4 Reasons Why Author Visits Are Cool

Barb Lazar
A visit from an author can make quite an impression on student readers and writers. Especially when the author happens to bring Mayan myths into our modern world. In the introduction to her novel Storm Runner, Rick Riordan writes, “J. C. Cervantes is about to take you on a trip you will never forget, through the darkest, strangest, and funniest twists and turns of Maya myth. You will meet the scariest gods you can imagine, the creepiest denizens of the underworld, and the most amazing and unlikely heroes, who have to save our world from being ripped apart (12).”

1. A Powerful Learning Opportunity
When students see an author as a real person who has created a world, a story, or a voice, it can benefit student writers. Authors shares insight into their creative process. They often share how an idea evolves through a sometimes messy process, and how from working on many drafts, revisions, and feedback, a character and world emerge.

2. Life Experience Plus Research
Authors and writers are people! Just like us, their experiences show up in their writing. When J.C. Cervantes writes about Zane’s background and life, you know she has that experience of New Mexico landscapes.
“Zane, honey, please. Things will be mejor this time. You’re thirteen now. You need friends. You can’t live out here alone with these…”
“Out here was a narrow, dusty road in the New Mexico desert. Other than my two neighbors, there were tumbleweeds, rattlesnakes, coyotes, roadrunners, a dried-up riverbed, and even a dead volcano. But more on that later. Most people are surprised when they find out New Mexico has so many volcanoes. (Of course, mine was no ordinary act of nature, right, gods?)
“With these what?” I asked, even though I knew what she was thinking: misfits.
So what that Ms. Cab was a little different? And who cared that my other neighbor, Mr. Ortiz, grew weird varieties of chile peppers in his greenhouse? Didn’t mean they were misfits.
“I’m just saying that you need to be with kids your age (20-21).”

And, of course an author shares when they need to conduct additional research, in this case, the stories of the Maya.
“It in no way represents the many Maya mythologies, cultures, languages, pronunciations, and geographies. That would take an entire library. Instead, this offers a snapshot of how I understand the myths and terms, and what I learned during my research for this book. Simply put, myths are stories handed down from one generation to the next. While growing up near the Tijuana border, I was fascinated by the Maya (as well as the Aztec) mythologies, and I was absolutely sure that my ancestors were related to the gods. Each time I’ve visited the Maya pyramids in the Yucatán, I’ve listened for whispers in the breeze (and I just might’ve heard them). My grandmother used to speak of spirits, brujos, gods, and the magic of ancient civilizations, further igniting my curiosity for, and love of, myth and magic (Glossary).”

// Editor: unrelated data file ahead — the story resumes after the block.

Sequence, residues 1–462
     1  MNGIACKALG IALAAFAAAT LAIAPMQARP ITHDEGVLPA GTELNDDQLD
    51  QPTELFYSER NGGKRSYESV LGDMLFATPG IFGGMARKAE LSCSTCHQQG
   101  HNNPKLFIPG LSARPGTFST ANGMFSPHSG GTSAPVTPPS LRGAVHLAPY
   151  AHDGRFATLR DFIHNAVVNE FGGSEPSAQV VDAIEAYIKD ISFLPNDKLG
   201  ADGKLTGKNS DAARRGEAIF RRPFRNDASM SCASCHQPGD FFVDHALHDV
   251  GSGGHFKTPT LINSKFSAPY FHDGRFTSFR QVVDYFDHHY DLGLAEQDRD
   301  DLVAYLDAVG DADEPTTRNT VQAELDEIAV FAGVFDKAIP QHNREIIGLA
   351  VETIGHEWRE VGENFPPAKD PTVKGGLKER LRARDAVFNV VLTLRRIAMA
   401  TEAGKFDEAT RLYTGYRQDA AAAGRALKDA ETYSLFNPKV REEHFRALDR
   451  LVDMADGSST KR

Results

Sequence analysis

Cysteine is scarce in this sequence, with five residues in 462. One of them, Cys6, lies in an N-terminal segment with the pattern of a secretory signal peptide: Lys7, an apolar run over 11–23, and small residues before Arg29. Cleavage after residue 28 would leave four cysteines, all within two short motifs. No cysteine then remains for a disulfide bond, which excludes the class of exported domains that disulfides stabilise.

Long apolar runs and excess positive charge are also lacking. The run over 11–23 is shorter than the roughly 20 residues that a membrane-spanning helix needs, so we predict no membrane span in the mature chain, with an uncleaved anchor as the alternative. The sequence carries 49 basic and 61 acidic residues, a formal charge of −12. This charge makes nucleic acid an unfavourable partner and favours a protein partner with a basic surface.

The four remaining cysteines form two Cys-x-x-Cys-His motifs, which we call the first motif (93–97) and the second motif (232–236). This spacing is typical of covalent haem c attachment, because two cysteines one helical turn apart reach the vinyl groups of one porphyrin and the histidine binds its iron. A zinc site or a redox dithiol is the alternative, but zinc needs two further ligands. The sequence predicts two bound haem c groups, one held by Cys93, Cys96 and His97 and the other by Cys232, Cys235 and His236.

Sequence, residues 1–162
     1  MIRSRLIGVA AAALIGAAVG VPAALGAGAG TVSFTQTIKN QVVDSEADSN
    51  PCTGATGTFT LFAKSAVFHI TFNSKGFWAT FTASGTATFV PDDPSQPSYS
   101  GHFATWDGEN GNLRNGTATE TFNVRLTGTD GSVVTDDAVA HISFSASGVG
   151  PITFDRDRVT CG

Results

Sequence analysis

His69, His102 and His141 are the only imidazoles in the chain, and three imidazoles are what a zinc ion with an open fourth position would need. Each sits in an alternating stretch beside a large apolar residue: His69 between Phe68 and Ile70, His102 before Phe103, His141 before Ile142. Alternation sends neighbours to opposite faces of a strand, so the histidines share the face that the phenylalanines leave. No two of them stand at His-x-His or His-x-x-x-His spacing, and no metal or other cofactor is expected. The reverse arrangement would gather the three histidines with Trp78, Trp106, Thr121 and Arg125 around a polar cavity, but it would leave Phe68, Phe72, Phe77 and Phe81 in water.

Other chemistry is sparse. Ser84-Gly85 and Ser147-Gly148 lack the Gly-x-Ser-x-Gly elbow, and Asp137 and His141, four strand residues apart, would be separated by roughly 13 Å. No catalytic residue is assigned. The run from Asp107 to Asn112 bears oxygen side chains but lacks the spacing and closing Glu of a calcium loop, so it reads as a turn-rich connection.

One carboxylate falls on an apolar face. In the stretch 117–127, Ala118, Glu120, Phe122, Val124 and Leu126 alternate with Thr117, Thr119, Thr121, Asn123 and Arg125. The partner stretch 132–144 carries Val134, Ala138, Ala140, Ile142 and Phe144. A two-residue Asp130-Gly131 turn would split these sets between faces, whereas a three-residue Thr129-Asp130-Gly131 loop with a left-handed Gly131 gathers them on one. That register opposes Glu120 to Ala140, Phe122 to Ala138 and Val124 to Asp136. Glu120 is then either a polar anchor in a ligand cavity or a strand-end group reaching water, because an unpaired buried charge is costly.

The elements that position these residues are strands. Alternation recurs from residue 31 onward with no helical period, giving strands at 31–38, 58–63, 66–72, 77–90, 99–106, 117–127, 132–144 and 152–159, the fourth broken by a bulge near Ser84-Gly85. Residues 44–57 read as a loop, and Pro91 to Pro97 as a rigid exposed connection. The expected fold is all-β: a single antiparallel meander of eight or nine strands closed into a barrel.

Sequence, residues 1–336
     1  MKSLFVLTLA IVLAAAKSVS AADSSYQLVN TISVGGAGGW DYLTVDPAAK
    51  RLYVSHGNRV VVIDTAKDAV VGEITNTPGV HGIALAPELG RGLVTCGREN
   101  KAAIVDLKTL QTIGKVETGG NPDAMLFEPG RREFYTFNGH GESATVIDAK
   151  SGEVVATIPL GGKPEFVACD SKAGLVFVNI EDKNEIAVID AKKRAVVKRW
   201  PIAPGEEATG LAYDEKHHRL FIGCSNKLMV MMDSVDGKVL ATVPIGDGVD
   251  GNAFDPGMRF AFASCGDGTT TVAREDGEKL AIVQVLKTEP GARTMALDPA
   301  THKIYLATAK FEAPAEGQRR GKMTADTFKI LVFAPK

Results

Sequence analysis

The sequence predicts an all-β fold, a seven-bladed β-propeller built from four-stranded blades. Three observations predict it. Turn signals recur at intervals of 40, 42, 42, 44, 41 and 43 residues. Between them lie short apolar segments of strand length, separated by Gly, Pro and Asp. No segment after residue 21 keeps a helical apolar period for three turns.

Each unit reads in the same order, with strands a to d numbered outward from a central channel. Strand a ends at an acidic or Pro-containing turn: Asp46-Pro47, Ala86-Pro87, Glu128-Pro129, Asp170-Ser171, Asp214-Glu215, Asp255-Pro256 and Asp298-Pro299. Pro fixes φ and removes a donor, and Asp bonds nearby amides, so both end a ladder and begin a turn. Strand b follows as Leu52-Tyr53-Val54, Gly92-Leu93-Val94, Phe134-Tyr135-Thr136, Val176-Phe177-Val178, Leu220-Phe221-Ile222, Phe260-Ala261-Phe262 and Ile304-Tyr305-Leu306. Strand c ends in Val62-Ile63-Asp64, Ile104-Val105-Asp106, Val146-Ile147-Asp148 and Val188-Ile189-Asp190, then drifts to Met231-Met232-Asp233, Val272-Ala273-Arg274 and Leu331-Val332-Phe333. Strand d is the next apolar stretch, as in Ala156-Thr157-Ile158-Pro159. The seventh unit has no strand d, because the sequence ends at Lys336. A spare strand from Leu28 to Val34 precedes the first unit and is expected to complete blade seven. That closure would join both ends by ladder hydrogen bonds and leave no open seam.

3. Writers Write; Readers Construct Meaning
An author reinforces the important role students have as readers in constructing meaning of the text. Recalling a past author visit from Kimberly Griffiths Little, after all students had read her novel, The Last Snake Runner, students asked her about what happened to the main characters after the last chapter. She then asked the students what THEY thought happened. There were multiple possibilities, and no one right answer. The students engaged in a lively discussion among themselves and with the author. They supported their theories with evidence from the text, and impressed Ms. Little with their engagement with the text. She then explained that she had written it so that the reader could create meaning, think, discuss, and interact with the story, characters, and context of the book.

4. Authors as Role Models
Books don’t just happen. Writing can be powerful, messy, and hard work. It may even seem daunting for young people to see themselves as authors. But meeting a real person who talks about the creative journey in an honest way, lets students see the possibility for themselves. They are inspired to pursue their goals—whether it be as a writer or something else—as they are exposed to the idea that writing can be a career for someone who puts in the hard work.

Ultimately, students benefit when they can connect with the people behind the books they read.

On Friday, September 27, Bosque’s Middle School students will attend an author presentation by J.C. Cervantes, author of The Storm Runner and the just-released sequel The Fire Keeper. You may pre-order your copies from Bookworks, and they will be delivered here to school in time for the author to sign them.